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Aboriginal Affairs can’t produce data for on-reserve First Nation student spending



Aboriginal Affairs can’t produce data for on-reserve First Nation student spending

APTN National News
OTTAWA–
The department of Aboriginal Affairs can’t say how much it spends per-student for on-reserve First Nation education.

A department official told APTN National News the department didn’t have the data readily available showing how much the department spends on First Nations students attending schools on-reserve.

APTN requested the information Wednesday.

Earlier this week, in an effort to undercut First Nations leaders’ demand for more education funding, Aboriginal Affairs Minister John Duncan released a series of numbers he said showed Ottawa gave more per-student for First Nations education than the provinces. Despite the government research, officials don’t have information on the amount of money spent on reserve students alone.

Without that data, the numbers are misleading because they include how much Aboriginal Affairs spends on putting First Nations students into the provincial system, according to the Assembly of First Nation.  And that inclusion would inflate the department’s $13, 542 per-student figure because about 36 per cent of First Nations students attend provincial schools, said the AFN.

The Assembly of First Nations says the department only spends $7,101 per student for on-reserve education.

Statistics Canada says the average Canadian student receives $10, 439.

The AFN claims there is an about $3 billion funding gap between on-reserve education and the rest of the country.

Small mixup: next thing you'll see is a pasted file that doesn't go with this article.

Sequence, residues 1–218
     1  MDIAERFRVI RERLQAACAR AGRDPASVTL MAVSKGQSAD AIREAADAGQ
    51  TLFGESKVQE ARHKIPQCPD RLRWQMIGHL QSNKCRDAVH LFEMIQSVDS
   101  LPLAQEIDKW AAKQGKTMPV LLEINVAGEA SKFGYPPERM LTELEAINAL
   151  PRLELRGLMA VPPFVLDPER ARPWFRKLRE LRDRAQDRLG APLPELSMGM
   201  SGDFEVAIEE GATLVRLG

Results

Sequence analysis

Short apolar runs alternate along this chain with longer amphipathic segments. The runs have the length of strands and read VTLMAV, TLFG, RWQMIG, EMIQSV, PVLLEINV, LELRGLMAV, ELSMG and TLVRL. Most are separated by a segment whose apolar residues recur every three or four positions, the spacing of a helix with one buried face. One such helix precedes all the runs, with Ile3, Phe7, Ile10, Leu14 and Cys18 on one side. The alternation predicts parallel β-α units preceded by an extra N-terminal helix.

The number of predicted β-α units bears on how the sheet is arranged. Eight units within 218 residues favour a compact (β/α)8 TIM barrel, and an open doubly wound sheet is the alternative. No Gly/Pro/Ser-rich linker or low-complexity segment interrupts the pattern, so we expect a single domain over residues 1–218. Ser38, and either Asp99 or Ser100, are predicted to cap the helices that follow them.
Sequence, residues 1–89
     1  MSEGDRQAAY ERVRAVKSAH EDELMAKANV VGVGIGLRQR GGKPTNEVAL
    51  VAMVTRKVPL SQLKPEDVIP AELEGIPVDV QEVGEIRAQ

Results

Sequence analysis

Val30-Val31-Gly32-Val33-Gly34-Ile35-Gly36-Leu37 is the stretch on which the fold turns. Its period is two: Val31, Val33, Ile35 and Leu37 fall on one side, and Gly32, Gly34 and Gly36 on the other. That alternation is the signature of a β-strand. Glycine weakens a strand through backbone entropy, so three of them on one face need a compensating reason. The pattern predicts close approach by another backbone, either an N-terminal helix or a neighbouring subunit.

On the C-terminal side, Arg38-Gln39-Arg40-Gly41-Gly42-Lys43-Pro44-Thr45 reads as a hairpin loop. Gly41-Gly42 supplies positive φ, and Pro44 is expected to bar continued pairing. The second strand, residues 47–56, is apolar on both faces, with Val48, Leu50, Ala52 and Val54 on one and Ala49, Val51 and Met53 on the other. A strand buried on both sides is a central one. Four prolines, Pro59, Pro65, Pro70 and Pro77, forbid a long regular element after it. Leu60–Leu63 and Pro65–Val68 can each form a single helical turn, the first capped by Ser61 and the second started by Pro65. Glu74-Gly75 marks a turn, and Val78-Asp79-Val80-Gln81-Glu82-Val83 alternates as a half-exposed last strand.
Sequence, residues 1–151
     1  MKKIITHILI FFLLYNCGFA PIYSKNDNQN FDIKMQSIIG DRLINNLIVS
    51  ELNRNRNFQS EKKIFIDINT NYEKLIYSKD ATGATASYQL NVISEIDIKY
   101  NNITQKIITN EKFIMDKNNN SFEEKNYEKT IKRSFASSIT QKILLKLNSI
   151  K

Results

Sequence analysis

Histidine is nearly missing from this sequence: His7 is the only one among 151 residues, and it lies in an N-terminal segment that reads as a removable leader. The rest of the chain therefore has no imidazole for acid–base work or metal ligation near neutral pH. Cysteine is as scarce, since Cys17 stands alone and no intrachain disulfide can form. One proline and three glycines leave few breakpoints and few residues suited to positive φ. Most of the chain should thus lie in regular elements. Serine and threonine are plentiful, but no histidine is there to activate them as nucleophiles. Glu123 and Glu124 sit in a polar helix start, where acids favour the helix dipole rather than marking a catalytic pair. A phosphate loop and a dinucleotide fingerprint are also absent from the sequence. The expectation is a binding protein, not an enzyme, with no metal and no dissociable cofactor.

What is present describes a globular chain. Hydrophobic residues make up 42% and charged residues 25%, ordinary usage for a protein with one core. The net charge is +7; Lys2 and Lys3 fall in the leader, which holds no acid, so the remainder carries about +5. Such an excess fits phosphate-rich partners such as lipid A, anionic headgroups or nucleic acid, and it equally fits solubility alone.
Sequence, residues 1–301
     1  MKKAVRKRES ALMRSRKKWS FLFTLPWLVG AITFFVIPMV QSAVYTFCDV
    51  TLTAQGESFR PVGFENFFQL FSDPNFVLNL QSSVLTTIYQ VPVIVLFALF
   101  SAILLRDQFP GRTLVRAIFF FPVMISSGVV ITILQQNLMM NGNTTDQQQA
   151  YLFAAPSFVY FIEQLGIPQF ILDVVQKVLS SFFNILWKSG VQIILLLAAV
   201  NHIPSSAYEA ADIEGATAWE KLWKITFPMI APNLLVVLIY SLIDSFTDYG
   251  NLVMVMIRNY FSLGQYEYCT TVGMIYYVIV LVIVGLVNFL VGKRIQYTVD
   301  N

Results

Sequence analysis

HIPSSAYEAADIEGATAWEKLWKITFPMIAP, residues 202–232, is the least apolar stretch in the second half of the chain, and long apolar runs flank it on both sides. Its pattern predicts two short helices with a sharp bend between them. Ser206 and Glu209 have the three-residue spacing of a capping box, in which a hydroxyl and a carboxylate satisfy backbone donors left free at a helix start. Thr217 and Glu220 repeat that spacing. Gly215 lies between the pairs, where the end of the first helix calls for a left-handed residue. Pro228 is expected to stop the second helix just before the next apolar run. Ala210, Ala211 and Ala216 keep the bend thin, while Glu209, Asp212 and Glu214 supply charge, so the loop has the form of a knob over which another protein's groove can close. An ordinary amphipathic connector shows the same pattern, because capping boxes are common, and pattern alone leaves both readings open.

A department and AFN commissioned blue-ribbon panel found that at least 100 on-reserve schools provided unhealthy learning environments for students.

First Nations leaders gathered this week at an education summit in Gatineau, Que., across the Ottawa River from Parliament Hill. Chiefs rejected the Harper government’s plan to introduce legislation on First Nations education and are now mulling a plan of action that could include blockades or an occupation of Parliament Hill.

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  • Len

    I wonder if that amount quoted by John Duncan includes the f 11 students, which are students with special needs. These students require assistance that has to be paid by the first nation, our first nation has to pay 38,000. Per student to pay the local board for special need student aide, plus the 13,000 tuition fee per student. I wish INAC would report on those costs and be transparent with these costs, as they demand transparency from the first nations.

    • Rosie

      Something is very fishy..

  • Rosie

    $13, 542 per-student figure because about 36 per cent of First Nations students attend provincial schools…this is very high for provincial school system….is this because we don’t pay taxes? I seen many other students which are non-native who go to school for free,,,,is this because of the taxes I am really confused by this…When I lived in Puerto Rico my three children attended a private school and I paid 3500.00 for all three them,,not including the books…